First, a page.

Thoughts from Tarin Kowt

By CDR Charles J. Anderson, Chaplain 22d Marine Expeditionary Unit/Task Force Linebacker

tarin-kowt1Tarin Kowt, Afghanistan, is a remote area, accessible only by helicopter, SUV, or military tactical vehicle. Our outing here was very good. We were away from our camp outside of Tarin Kowt about 5 hours, from morning to midday, and it was hot.

Tarin Kowt’s people are pitifully destitute. Everything is in shambles. The clinic is in deplorable condition, but it is a place to receive patients. The building has no electrical power or running water—all infrastructure large and small has crumbled.

Talking With the Children

The children are darling and shy, but they compete desperately for handouts. After I gained situational awareness within the clinic compound, I knelt in a shady area and the children began to approach me, a towering giant. They became less intimidated when I removed my boonie cover and they saw my short grey hair. Grey hair receives respect from Afghans.

Then, I removed my dark glasses so they could see my eyes. Some Afghans wear eyeglasses, but it is rare. I mimed not being able to see the children without my glasses, and then I donned them and expressed delight at seeing the children. They giggled in response.

I showed the children my earplugs, flashlight, multi-tool, canteen, and first aid kit. I thought about pulling out my whistle and blowing it, but figured they would want to blow it, too. So, I kept it hidden.

The children pointed to my nametape, so I taught some of them to say “ANDERSON,” and pointed to myself. They pointed to my oak leaf cluster insignia, so I touched the leaves of the nearby tree and said, “leaves.” They pointed to the cross on my flak/ballistic vest and made the sign of the cross with their fingers, so I pointed to myself, patted my heart and pointed heavenward, saying, “I love Allah.”

Then I pointed to the children, patted my heart and pointed heavenward, while asking, “Do you love Allah?” They nodded, but I do not think they understand the concept of a loving God.

Joe, Ann-Margaret, and Iris

One little boy I named “Joe” was not shy. He seemed to like that I called him Joe. One girl I called “Ann-Margaret” because she reminded me of that beautiful, saucy actress as she chewed bubble gum and blew bubbles.

Another girl I named “Iris” because of her beautiful pale eyes. The girls seem to like wearing the color green. Some of the Afghans, it seems especially females, are rather fair with pale eyes. The women from puberty to menopause cover themselves, including their faces, with blue pleated burkas or other dark full-body covering.

High Child Mortality Rates

Most women have many children; {meanwhile] Afghanistan’s mortality rate among children from birth to 4 years of age is 25 percent. Girls and old women leave their faces in plain view while covering their heads. Boys and unmarried young men wear small ornate caps; married men add a turban to their headgear.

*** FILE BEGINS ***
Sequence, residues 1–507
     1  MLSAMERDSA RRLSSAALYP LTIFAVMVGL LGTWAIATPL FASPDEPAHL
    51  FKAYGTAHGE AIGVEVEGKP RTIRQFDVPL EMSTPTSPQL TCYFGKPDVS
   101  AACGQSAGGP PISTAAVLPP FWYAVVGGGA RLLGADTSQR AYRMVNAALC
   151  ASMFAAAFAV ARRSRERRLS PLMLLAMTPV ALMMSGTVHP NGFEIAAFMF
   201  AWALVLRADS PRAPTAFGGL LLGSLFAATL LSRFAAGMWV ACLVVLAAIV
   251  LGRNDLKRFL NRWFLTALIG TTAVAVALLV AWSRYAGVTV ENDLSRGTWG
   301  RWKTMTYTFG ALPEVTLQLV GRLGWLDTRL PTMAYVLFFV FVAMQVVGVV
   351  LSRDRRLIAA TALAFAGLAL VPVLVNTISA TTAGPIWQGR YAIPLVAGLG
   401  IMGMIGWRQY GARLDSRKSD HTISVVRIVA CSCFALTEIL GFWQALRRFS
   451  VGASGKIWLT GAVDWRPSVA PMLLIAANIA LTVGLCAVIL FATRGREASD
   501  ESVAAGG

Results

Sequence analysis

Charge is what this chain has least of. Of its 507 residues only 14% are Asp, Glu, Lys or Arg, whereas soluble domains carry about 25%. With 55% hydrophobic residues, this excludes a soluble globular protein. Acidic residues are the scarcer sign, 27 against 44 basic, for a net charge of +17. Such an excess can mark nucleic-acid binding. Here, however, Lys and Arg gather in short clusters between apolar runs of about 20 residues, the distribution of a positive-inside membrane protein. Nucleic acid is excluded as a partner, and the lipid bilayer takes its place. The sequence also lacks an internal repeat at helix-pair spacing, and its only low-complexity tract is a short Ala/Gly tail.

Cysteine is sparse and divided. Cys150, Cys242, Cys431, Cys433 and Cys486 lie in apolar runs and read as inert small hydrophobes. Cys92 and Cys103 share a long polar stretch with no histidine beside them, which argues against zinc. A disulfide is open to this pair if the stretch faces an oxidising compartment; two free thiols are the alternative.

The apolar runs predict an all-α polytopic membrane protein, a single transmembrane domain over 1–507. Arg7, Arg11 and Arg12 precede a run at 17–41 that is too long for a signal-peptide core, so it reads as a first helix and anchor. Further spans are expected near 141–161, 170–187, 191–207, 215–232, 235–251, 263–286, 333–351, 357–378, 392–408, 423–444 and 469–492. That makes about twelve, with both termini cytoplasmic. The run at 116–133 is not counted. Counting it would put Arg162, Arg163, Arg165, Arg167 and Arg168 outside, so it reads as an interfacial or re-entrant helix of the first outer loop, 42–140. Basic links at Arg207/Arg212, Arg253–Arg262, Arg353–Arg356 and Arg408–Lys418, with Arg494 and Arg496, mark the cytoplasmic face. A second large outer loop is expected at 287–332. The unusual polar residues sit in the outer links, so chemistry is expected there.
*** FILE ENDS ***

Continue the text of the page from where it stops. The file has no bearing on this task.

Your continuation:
Mullahs (community religious scholars) usually wear white turbans. Everyone squats on the ground or floor; if they take a bench or another chair, they will squat upon it.

Poignant Needs

Three medical cases were particularly poignant. A toddler had a huge abscessed left eye and a cataract on her right eye. The docs sent her to a hospital, and said her left eye was, likely, beyond salvaging.

A small boy who had had a closed head trauma several months ago was semi-comatose and skeletal. The docs said there was nothing they could do for him. I laid my hands on him and prayed for him. One man carried his young burka-clad wife into the clinic because she was too weak to walk due to a neurological condition.

The Plight of Girls

The hands of “Ann-Margaret,” and some other children and women, were  stained a rust red. I was told this indicated a male baby in the household. Male children are doted upon, whereas girls have to grovel for anything they can get.

We tossed field ration bread and candy to the children and they pounced upon it like wolves. Earlier I had tried to hand goodies to the children and was overwhelmed by a throng of competing kids. Again, the girls seemed most desperate for anything material and for the intangible, our attention.

We Americans have it all: the gospel and wealth. Afghans have none of that. They are largely devoid of the gospel, a fact that grinds inwardly upon anyone whose heart is entwined with the heart of the Savior.

What You Can Do

Pray for Afghanistan’s broken, spiritually lost people who are in desperate need of their heavenly Father’s love.

Chaplain Chuck Anderson retired from the U.S. Navy Chaplaincy in 2008. He serves in the Southwestern District as a Regional Ministry Coordinator for The Alliance. He lives in Oklahoma City, Oklahoma.


Get Involved...


We cannot “Live the Call Together” unless prayer is central to all we do.
Pray with us »


Is God calling you to service? We’re here to help you connect your passion with God’s purpose.
Serve with The Alliance »


Help build Christ’s Church by supporting the ministry and workers of The Alliance.
Give today »